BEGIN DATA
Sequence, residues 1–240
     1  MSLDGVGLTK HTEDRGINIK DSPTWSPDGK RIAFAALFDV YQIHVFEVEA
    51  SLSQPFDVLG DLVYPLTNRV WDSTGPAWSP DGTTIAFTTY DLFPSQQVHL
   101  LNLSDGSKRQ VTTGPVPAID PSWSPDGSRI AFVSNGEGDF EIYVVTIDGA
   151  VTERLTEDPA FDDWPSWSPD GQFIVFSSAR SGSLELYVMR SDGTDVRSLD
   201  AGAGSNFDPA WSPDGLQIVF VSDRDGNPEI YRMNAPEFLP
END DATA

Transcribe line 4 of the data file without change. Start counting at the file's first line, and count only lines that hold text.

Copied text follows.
   101  LNLSDGSKRQ VTTGPVPAID PSWSPDGSRI AFVSNGEGDF EIYVVTIDGA